Well, in that case you wouldn’t be able to install extensions anyway so installing a read-only shared version of Slicer shouldn’t be a problem.

You can always send --additional-module-paths on the command line to add modules, you just wouldn’t install python packages the normal way. You could just put them in a place where your custom module knows where import them from (e.g. by adding a path sys.path)

The user-specific config is already in ~/.config/ What else were you concerned about?

We are trying to figure out what work, what creates other issues. There is a potential to deploy Slicer in the our central HPC system.

If we overcome the internet access issue, and let people install Slicer into their home directories, the issue is not the space. There will be a bunch of stale slicer installation. We are not talking about people who would be using Slicer day and out and necessarily be aware they are using a version from two years ago.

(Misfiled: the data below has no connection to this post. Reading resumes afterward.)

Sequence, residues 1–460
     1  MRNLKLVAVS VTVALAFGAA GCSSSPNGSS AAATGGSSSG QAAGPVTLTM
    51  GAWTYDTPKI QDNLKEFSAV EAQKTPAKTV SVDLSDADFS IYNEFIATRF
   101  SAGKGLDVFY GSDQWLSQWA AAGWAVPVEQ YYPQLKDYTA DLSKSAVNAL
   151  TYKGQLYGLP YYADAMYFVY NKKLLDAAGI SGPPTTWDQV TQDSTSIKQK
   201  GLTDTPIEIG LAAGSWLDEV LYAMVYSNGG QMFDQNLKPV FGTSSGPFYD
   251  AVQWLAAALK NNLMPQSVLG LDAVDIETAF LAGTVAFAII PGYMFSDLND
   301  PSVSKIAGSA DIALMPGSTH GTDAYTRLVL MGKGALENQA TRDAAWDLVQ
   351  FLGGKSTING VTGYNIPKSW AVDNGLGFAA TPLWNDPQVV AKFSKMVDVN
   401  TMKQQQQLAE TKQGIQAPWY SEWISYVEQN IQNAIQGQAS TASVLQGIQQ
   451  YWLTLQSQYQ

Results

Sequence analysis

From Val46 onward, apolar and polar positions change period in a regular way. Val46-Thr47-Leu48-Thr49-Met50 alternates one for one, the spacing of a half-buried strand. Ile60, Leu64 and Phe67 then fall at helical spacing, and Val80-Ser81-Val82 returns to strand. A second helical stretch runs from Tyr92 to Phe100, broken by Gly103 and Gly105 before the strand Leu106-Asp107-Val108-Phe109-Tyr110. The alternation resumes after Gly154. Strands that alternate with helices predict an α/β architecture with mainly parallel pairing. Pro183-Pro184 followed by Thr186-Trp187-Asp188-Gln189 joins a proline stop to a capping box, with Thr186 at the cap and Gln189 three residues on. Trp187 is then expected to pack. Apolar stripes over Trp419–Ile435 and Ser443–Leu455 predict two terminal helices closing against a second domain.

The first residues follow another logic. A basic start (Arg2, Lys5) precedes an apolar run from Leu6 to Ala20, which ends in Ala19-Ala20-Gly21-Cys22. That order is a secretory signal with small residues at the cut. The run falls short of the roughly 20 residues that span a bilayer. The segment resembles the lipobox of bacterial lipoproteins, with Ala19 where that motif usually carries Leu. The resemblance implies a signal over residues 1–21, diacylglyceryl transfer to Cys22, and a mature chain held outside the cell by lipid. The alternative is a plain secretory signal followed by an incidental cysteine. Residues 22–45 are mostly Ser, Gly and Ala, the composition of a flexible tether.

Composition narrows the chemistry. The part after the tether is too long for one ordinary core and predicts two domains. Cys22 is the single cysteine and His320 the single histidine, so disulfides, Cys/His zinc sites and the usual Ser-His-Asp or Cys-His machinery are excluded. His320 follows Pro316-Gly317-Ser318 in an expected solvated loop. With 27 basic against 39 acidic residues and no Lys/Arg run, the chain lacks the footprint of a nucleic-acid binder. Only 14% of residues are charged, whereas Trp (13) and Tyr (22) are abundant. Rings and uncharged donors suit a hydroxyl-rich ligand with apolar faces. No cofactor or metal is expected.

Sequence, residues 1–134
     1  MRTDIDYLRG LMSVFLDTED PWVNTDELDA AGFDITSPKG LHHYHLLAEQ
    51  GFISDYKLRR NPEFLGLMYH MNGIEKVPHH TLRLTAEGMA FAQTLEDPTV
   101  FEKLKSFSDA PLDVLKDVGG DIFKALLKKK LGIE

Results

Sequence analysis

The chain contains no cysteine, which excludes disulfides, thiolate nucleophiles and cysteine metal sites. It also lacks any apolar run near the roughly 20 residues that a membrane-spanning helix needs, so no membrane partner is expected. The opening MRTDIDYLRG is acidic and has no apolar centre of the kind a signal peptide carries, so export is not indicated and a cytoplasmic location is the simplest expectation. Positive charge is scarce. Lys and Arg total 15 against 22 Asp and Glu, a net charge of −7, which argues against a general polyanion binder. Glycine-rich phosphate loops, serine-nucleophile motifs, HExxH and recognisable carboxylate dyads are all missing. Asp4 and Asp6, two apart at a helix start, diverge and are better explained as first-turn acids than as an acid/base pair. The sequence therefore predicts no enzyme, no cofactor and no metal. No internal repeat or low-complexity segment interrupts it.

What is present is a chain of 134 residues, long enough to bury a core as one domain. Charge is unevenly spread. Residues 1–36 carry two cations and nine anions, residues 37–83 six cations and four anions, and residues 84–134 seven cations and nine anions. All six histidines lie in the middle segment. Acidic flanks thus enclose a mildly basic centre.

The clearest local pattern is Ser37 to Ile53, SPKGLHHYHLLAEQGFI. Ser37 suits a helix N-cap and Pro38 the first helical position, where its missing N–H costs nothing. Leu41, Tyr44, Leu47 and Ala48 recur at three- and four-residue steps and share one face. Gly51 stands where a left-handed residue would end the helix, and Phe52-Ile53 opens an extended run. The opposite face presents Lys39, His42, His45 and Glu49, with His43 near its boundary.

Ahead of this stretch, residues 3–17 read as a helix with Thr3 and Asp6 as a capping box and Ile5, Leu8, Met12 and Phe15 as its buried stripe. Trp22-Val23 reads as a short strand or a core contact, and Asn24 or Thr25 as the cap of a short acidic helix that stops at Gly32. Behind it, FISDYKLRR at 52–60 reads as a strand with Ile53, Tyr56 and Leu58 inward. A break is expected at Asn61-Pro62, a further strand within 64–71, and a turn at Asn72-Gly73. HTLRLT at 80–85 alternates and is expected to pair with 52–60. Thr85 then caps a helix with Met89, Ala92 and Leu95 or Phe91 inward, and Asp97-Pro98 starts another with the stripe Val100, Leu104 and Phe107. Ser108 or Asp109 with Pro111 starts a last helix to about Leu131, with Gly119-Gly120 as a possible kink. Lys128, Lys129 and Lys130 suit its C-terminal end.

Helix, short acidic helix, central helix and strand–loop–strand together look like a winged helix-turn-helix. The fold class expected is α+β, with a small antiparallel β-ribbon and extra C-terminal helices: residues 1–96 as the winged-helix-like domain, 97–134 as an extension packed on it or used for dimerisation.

I personally preferred a solution, where people do something like

module load Slicer,

which brings the latest stable (HPC admins responsibility)
and then the first time they use it they bookmark their extensions (which are saved in a place ~.config/, or ~./config/, etc). So they will always be using whatever the latest stable version system provides, and if this upgrades than all extensions and packages are automatically repopulated (or that’s roughly the idea).

Anyways, we will do some experiments and report…

Is the use of an HOC admin a solution to a more general issue of people not knowing there is a new stable release available and their decision to not update to it? Should there be a focus to improve the Slicer update process to encourage more people to use the latest stable? Would this avoid the need for such a central read-only Slicer solution?